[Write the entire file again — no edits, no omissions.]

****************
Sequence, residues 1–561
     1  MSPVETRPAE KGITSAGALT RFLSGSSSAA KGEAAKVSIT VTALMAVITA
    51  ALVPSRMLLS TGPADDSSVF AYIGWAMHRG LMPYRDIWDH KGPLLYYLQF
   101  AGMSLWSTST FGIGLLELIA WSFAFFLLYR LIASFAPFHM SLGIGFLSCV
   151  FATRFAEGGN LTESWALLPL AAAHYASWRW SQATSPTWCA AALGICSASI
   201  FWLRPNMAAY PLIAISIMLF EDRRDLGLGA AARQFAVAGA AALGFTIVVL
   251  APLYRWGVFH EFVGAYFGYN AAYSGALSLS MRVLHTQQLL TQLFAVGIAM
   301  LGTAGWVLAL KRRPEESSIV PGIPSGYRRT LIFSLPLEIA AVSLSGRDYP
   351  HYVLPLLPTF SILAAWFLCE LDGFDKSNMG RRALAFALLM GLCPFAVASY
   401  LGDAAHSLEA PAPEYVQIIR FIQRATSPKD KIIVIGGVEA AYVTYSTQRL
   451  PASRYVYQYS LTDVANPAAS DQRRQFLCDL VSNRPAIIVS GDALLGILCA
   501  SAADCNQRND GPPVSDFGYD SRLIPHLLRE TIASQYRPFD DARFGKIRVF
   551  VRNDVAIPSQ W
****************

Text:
Sequence, residues 1–561
     1  MSPVETRPAE KGITSAGALT RFLSGSSSAA KGEAAKVSIT VTALMAVITA
    51  ALVPSRMLLS TGPADDSSVF AYIGWAMHRG LMPYRDIWDH KGPLLYYLQF
   101  AGMSLWSTST FGIGLLELIA WSFAFFLLYR LIASFAPFHM SLGIGFLSCV
   151  FATRFAEGGN LTESWALLPL AAAHYASWRW SQATSPTWCA AALGICSASI
   201  FWLRPNMAAY PLIAISIMLF EDRRDLGLGA AARQFAVAGA AALGFTIVVL
   251  APLYRWGVFH EFVGAYFGYN AAYSGALSLS MRVLHTQQLL TQLFAVGIAM
   301  LGTAGWVLAL KRRPEESSIV PGIPSGYRRT LIFSLPLEIA AVSLSGRDYP
   351  HYVLPLLPTF SILAAWFLCE LDGFDKSNMG RRALAFALLM GLCPFAVASY
   401  LGDAAHSLEA PAPEYVQIIR FIQRATSPKD KIIVIGGVEA AYVTYSTQRL
   451  PASRYVYQYS LTDVANPAAS DQRRQFLCDL VSNRPAIIVS GDALLGILCA
   501  SAADCNQRND GPPVSDFGYD SRLIPHLLRE TIASQYRPFD DARFGKIRVF
   551  VRNDVAIPSQ W